The question is: As a country, how are we going to do that? What is our relationship going to be like with countries around the world? Are we going to go into relationships with a formal economic deal? Are we going to come up with a pattern, with a template? Are we going to ensure we combine economic trade with relations as they relate to human rights, as they relate to the environment, as they relate to other international negotiations on issues relative to global security, for example? Is that the way we are going to go about presenting ourselves in the world?

I think that is extremely important as we consider where we are going.

The government has, on numerous occasions, attacked the NDP, the opposition, as being anti-trade and against any trade deal, saying for some reason that we want to hide our heads in the sand.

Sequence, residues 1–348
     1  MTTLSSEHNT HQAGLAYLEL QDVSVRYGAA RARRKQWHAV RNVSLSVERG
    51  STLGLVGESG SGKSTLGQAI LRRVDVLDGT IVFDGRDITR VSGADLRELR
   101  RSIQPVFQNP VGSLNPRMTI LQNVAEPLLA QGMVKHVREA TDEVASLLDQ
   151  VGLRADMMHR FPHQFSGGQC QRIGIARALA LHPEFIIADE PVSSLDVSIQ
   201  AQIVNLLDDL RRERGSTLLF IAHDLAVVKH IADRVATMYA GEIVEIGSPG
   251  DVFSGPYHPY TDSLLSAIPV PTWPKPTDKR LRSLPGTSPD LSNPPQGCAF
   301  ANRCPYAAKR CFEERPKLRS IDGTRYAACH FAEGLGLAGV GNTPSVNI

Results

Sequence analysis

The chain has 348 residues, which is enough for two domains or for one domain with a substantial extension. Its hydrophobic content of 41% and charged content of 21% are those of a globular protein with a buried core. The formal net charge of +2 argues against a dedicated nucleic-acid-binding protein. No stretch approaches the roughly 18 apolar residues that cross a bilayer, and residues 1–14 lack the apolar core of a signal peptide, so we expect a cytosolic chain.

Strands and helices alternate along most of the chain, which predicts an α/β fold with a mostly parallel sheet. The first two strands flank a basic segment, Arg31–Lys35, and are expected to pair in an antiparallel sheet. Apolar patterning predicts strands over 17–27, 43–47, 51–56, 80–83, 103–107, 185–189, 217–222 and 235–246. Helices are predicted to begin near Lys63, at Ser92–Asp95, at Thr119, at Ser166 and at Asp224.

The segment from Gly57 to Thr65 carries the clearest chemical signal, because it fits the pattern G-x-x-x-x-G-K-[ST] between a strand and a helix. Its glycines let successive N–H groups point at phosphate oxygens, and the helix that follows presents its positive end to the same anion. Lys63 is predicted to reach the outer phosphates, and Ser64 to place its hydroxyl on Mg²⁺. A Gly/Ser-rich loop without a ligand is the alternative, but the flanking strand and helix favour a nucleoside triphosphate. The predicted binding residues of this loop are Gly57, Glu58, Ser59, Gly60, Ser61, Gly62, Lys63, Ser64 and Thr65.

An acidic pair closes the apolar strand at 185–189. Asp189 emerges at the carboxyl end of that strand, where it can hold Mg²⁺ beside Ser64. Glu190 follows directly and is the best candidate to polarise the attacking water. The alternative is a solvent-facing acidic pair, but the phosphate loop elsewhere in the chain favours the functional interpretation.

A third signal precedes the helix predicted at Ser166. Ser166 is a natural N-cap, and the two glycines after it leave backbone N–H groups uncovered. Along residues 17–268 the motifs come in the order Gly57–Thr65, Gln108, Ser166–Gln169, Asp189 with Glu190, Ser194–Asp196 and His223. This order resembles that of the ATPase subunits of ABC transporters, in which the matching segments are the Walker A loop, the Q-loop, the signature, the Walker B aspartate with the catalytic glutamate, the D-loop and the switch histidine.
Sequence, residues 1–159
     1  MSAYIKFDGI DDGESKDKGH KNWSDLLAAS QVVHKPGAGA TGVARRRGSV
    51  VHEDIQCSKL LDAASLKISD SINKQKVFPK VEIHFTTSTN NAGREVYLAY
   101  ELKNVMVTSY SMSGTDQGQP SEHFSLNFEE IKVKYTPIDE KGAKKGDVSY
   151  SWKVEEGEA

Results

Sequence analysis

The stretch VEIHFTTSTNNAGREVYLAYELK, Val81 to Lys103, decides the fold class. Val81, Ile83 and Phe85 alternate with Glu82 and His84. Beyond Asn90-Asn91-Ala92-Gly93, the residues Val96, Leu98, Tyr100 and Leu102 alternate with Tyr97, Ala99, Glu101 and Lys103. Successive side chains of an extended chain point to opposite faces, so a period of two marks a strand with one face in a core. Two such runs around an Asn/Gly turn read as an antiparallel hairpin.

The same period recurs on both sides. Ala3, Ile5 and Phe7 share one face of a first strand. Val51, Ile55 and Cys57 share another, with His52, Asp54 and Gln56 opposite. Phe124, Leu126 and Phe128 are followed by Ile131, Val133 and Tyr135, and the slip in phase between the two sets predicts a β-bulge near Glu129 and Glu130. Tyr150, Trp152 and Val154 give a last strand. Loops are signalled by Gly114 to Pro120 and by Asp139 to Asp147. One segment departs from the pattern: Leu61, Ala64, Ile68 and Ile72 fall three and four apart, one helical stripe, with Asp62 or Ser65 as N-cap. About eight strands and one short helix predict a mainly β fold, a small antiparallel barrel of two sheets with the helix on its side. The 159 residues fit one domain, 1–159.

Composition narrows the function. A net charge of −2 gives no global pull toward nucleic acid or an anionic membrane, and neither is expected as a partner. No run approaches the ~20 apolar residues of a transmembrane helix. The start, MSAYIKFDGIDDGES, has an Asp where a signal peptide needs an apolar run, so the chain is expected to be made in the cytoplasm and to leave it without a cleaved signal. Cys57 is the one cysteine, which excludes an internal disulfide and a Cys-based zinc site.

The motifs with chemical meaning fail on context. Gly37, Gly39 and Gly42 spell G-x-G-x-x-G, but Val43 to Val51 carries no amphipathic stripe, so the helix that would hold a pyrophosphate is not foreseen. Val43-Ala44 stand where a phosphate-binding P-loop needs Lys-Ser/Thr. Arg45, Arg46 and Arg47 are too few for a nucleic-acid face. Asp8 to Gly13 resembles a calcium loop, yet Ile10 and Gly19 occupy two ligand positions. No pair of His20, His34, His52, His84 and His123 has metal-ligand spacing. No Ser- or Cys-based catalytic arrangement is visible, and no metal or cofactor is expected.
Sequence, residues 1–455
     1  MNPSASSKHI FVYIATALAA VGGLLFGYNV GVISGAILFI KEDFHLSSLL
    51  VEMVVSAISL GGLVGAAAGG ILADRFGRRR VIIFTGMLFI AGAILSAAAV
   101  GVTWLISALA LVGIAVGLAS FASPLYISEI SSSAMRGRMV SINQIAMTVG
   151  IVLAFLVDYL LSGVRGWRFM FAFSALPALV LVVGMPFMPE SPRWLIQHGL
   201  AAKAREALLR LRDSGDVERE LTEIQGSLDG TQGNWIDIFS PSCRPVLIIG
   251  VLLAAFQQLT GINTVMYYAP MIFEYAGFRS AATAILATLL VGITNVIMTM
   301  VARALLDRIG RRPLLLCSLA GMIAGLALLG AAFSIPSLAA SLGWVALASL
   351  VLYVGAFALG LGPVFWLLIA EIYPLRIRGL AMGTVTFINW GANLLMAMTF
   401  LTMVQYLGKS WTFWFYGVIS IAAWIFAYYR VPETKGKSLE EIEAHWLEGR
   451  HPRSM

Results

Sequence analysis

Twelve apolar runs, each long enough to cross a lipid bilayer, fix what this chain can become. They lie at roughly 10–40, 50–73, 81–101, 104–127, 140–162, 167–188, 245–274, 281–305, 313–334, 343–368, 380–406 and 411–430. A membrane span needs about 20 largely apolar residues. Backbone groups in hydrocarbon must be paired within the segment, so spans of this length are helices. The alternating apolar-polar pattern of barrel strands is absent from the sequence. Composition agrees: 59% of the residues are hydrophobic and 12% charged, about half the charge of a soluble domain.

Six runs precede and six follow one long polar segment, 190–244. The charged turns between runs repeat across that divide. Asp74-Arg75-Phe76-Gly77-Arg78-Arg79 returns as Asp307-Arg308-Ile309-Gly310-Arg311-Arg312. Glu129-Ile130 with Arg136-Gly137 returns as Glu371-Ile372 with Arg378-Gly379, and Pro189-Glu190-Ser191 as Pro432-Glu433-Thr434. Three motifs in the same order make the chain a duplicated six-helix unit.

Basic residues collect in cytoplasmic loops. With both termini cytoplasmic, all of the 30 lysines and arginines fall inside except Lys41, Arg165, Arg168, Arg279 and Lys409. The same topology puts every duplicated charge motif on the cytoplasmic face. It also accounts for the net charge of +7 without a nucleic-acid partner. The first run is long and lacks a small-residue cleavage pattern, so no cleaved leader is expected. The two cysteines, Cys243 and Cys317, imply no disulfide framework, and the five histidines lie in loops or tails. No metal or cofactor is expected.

We have said in response to that, of course, time and again, far from it. The New Democratic Party has laid out a number of principles we have established that underline the values-based approach we want to take to our relationships on the international stage and how it is that we want to participate in the international economy. That is exactly what I am talking about and what I want to talk about a little more here today, the fact that as a country we are already negotiating deals, we are already participating, our companies are participating in economic relationships around the world.

As a responsible government, then, we need to ensure we are aiding those relationships, helping to encourage them, helping to foster them, helping to make sure they are sufficiently constructive, not only for this country but for the countries that were participating with that. I believe that is the responsibility we have as a nation.